inspection and testing [Re: OVC-discuss Digest, Vol 37, Issue 7]

From: Hamilton Richards <hrichrds_at_swbell_dot_net>
Date: Fri Nov 02 2007 - 16:08:10 CDT

At 12:00 PM -0700 2007/11/2, wrote:
>Message: 1
>Date: Fri, 2 Nov 2007 11:03:59 -0700
>From: Fred McLain <>
>Subject: Re: [OVC-discuss] disclosure; no OS? [Re: OVC-discuss Digest,
> Vol 36, Issue 10]
>To: Open Voting Consortium discussion list
> <>
>Message-ID: <>
>Content-Type: text/plain; charset=US-ASCII; format=flowed; delsp=yes
>Responses are inline below.
>On Nov 1, 2007, at 12:52 PM, Hamilton Richards wrote:
>>> I would also assert based on my 25+ years of active software
>>> development and my 4 years in voting software development that there
>>> is *no need for an operating system* in voting equipment. In fact,
>>> it
>>> would be best to write this without an OS since the inspection
>>> becomes
>>> far simpler and more reliable.
>> On the other hand, the API is kind of brutal. :)
>True, but it is done every day. Every time you fly on an airplane you
>rely on software that was built without an OS. Safety critical
>software on aircraft must conform to DO-178B level A. At that level
>of certification it is nearly impossible to use an OS since the FAA
>requires *every line of code* to be tested with test artifacts proving
>it was. Thus no closed source (at least from the manufactures and
>FAA's perspective).
>As I said before, we can simply require DO-178B level A certification
>as well as Common Criteria SA-2/3 security analysis on these systems.
>The open source aspect is an additional benefit and provides for more
>public confidence.

How much does such intense testing add to the software's cost? I
don't have the number, but I'd guess it's at least a factor of 10.
For software that's controlling an airplane in which I'm flying, of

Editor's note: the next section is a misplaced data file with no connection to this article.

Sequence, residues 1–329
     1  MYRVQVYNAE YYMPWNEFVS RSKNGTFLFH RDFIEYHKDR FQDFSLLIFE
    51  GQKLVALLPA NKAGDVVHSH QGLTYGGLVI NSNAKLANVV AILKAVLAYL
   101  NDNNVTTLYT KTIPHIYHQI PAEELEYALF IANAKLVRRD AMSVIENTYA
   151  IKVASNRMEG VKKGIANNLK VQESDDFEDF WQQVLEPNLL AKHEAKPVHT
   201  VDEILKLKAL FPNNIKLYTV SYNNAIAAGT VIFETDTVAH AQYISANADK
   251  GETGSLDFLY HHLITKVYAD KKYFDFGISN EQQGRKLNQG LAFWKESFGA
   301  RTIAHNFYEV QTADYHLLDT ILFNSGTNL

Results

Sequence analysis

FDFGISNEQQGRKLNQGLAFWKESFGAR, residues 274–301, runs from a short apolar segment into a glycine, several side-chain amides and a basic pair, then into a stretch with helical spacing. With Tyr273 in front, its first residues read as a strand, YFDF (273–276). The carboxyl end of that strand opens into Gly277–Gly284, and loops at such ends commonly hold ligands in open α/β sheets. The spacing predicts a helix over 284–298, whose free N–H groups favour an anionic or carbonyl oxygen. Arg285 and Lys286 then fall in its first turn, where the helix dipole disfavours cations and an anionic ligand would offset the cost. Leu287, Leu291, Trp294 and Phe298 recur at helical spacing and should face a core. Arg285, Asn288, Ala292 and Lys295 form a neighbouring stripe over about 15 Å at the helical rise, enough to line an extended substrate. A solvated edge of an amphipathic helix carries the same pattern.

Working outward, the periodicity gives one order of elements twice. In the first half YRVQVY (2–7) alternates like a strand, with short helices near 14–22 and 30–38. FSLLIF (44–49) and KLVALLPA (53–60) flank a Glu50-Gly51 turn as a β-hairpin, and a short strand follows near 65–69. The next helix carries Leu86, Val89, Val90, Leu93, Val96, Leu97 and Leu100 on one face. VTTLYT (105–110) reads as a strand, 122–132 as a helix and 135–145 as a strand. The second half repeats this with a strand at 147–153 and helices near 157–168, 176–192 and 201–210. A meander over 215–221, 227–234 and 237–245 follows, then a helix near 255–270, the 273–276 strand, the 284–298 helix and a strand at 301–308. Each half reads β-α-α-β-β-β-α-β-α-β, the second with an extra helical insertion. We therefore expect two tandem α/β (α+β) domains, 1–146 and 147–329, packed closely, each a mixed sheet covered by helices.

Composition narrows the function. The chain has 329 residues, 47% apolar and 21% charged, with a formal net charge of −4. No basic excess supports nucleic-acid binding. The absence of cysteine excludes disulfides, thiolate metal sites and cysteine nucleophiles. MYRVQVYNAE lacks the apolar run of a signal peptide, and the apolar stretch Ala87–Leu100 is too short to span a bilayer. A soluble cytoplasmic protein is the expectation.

course, it's worth the cost, but there's a good chance that it would
price election systems out of reach for most counties.

One might argue that in a democracy no price is too high for valid
elections, but

     1. Few taxpayers seem to think there's anything for which no
price is too high.

     2. Testing can never guarantee validity (despite extensive
testing, moon-lander,
         Mars-lander, and space-shuttle software have all suffered failures)

     3. For election systems, voter-verified paper ballots can deliver much
         more reliable and transparent results, at much lower cost,
than inspection
         and testing.

For flight-control software, nothing analogous to voter-verified
paper ballots is available, so we make do with testing [aside: formal
verification is finding niches here and there, but in the highly
conservative software industry its progress is painfully slow].

> > If the election software were decently modularized, you'd end up with
>> modules that are OS in everything but name. True, it would be an
>> open-source OS, but so is Linux, so why not take advantage of all
>> that development that's already done, has many years of field testing
>> behind it, and costs nothing?
>I'm also in favor of this approach. The risk is that you are
>introducing a vast amount of code that never will be used. Some would
>say source inspection is impossible because of the millions of lines
>of OS code. When you write the code from scratch all you really
>reproduce from the OS are a few drivers and some basic libraries.

The argument that "source inspection is impossible because of the
millions of lines
of OS code" makes sense if you believe in source inspection.

Which I don't.



Hamilton Richards, PhD           Department of Computer Sciences
Senior Lecturer (retired)        The University of Texas at Austin      
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Received on Fri Nov 30 23:17:05 2007

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